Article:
November 2020 has emerged as a key month for US sports betting, perhaps the key month given that it may well offer Californians an opportunity to vote on whether or not to allow legalized sports wagering in America’s most populous state.

The prospect of such a ballot was made all the more real this week when California’s Attorney General gave the go-ahead for a tribal coalition to gather support for gambling proposals that would facilitate betting on professional and college sporting events within the confines of their casinos and at racetracks.

It all sounds positive, although the coalition will need to attract one million signatories to support the proposals. And it faces a battle with the state’s card room operators who argue that they are being left out in the cold – unfairly so.

Looking specifically at the proposal, it would allow federally recognized Native American tribes to operate roulette, dice games, and sports wagering on tribal lands, subject to compacts negotiated by the Governor and ratified by the Legislature. 

Effective from 2022, on-site sports wagering would be allowed at privately operated horse-racing tracks in four specified counties for persons 21 years or older. There will be a 10% tax levied on sports-wagering profits at horse-racing tracks, with a portion of revenues directed to enforcement and problem-gambling programs.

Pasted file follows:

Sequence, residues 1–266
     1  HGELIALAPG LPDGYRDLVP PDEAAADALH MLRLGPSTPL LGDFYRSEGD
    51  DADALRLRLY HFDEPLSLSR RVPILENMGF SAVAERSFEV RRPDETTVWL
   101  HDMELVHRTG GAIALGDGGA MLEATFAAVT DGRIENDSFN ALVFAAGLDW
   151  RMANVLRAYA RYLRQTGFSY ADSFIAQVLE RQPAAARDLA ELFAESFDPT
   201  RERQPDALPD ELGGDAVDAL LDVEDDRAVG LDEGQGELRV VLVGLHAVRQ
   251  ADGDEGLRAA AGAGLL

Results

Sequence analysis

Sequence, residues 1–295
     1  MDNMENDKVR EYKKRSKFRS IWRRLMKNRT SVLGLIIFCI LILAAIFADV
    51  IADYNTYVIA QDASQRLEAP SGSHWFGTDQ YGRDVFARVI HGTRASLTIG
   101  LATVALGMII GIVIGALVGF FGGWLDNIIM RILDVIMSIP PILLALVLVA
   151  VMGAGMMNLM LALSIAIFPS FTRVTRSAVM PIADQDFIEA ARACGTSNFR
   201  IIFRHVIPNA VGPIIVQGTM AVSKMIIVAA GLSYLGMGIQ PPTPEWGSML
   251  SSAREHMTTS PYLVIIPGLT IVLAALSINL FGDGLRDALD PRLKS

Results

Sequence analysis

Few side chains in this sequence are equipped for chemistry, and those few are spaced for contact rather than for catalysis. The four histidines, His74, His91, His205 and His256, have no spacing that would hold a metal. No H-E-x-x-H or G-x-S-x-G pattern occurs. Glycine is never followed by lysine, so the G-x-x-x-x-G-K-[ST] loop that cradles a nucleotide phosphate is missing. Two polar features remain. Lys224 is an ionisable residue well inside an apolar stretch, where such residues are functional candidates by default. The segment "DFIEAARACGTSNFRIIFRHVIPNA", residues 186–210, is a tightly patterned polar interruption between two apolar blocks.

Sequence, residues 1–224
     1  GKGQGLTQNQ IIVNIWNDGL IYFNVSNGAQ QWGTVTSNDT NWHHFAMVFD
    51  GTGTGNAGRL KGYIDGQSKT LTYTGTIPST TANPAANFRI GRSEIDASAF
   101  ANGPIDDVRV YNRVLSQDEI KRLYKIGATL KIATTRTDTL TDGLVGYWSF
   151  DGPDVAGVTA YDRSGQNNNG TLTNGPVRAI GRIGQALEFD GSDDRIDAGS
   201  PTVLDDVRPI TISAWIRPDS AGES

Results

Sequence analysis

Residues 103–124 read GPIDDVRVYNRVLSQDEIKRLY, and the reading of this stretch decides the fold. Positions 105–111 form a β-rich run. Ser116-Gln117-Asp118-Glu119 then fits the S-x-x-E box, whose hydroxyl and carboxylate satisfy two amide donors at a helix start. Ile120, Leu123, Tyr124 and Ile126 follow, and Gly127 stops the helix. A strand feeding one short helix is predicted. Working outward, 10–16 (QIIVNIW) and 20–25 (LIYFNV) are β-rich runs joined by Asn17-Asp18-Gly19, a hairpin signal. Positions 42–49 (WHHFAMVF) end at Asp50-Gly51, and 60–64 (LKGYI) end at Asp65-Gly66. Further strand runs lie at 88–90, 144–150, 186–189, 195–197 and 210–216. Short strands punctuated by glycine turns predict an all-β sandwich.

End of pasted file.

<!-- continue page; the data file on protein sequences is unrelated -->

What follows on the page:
California’s policy makers are also anticipating a welcome increase in state revenues, potentially reaching tens of millions of dollars annually, from payments made by facilities offering sports wagering and new civil penalties authorized within the tribe’s proposals.

A portion of these revenues would reflect a shift from other existing state and local revenues and there is an expected hike in state regulatory costs, potentially reaching the low tens of millions of dollars annually. But the latter issue is likely to be balanced out by the increased revenue or reimbursements to the state. 

The grit in the Vaseline, as far as the 18-strong tribal coalition is concerned, will be resistance from California’s 70-plus card rooms who are already said to be preparing a legal challenge to ensure they are included in any sports betting scenario. The issue will be fiercely contested. But the tribes, who are closely allied with state policy makers, appear to have a clear advantage.

There is also competing legislation from State Assemblyman Adam Gray and State Senator Bill Dodd who have launched bills that would offer voters another, more inclusive, option than that proposed by the tribes. That, however, must win a two-thirds majority in the legislature before it will even be considered and, again, will face push back from the tribes.

While industry observers are clearly keen to see a regulated sports betting environment in California, question marks still remain over a set of proposals that crucially lacks any measures to introduce mobile gaming. 

In a state which is home to circa 19 professional sports teams across MLB, NBA, NFL, NHL, MLS and a plethora of college outfits, the absence of mobile betting legislation will be viewed purely and simply as a lost opportunity. It’s not an opinion that will be shared by tribal interests. But for potential market entrants and, importantly, the sports leagues it begs the question – what’s in it for them?

In the words of the Kings of Leon – “…California waiting, every little thing’s gotta be just right”!